To William Carmichael
Philadelphia Feby. 27. 1793
In a letter from Mr. Jay of Mar. 14. 1786. papers were inclosed to you on the subject of the Dover cutter, taken out of the hands of certain citizens of this country by a Spanish governor in the Western islands for the use of the Spanish government, and no compensation made, and you were desired to apply for compensation. Mr. Jay addressed you afterwards on the same subject on the 24th. of Nov. 1786. the 14th. of May 1787. the 23d. of Sep. and 24th. of Nov. 1788. and I sent you new copies of all the papers in a letter of Apr. 11. 1791. and afterwards addressed you on it in letters of Nov. 29. 1791. and Apr. 24. 1792. No answer has ever been received from you on the subject. The persons interested now undertaking to look into the matter themselves and to convey the present letter,1 I have only to observe that your assistance to them will be no more than a compliance with the multiplied letters which have been written to you on this subject. I inclose you an original letter of theirs retracing the outlines of the case and informing you of the change in the parties interested, and am Sir Your very humble servt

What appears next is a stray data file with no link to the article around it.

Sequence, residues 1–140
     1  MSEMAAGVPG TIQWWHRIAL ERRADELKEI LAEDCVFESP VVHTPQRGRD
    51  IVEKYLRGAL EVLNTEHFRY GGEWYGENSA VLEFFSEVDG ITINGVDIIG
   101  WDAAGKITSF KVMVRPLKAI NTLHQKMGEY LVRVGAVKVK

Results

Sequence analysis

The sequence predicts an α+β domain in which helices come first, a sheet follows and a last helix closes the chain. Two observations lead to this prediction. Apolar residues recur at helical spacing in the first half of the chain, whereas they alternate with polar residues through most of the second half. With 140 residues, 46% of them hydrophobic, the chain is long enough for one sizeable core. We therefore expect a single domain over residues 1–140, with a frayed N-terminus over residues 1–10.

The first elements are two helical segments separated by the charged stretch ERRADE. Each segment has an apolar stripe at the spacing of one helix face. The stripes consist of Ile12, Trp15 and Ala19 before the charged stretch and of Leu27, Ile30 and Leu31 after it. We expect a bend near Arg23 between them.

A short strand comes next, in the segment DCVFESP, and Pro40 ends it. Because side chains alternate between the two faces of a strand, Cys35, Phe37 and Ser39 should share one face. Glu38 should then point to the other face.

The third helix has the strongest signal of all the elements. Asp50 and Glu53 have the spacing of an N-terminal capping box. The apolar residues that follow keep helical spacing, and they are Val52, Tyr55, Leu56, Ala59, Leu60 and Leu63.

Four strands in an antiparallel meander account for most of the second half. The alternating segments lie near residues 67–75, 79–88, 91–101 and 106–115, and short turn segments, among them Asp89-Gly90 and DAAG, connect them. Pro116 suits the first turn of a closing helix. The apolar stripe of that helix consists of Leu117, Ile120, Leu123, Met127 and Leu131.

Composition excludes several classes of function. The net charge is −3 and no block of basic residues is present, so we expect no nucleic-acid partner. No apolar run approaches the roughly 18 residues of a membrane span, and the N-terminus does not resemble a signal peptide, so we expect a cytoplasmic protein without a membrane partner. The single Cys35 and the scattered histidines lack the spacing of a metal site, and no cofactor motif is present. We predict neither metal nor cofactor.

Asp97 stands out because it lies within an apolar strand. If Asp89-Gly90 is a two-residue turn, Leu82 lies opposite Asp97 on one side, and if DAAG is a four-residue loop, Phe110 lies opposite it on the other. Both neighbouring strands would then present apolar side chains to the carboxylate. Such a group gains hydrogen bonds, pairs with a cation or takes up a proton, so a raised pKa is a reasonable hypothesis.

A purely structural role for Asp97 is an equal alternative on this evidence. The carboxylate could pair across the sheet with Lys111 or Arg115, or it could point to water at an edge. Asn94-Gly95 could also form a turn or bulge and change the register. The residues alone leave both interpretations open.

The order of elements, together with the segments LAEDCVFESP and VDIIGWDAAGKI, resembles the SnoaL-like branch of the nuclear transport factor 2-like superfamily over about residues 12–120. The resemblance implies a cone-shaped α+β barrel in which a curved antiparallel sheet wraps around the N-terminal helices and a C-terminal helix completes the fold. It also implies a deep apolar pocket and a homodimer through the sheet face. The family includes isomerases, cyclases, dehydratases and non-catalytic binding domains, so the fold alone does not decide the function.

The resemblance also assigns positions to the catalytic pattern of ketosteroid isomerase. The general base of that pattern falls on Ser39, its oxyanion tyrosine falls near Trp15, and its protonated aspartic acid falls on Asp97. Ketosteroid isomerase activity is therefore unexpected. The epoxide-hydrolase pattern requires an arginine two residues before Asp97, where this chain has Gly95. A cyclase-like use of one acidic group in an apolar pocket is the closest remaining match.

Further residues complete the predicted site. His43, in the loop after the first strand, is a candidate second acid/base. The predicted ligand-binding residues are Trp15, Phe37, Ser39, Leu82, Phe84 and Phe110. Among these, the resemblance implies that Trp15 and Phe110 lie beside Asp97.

PrC (DLC); dateline in a clerk’s hand; at foot of text: “Mr. Carmichael.” FC (Lb in DNA: RG 59, DCI). Enclosure not found.
The case of the dover cutter is fully described in TJ to Carmichael, 11 Apr. 1791, and note. TJ also wrote a brief note of 27 Feb. 1793 to James Hillhouse, a Federalist member of the House of Representatives from Connecticut, enclosing the above letter “which he desired in the case of the Dover cutter” (PrC in DLC; Tr in ViU: Edgehill-Randolph Papers, 19th-century copy).
1. Preceding six words interlined.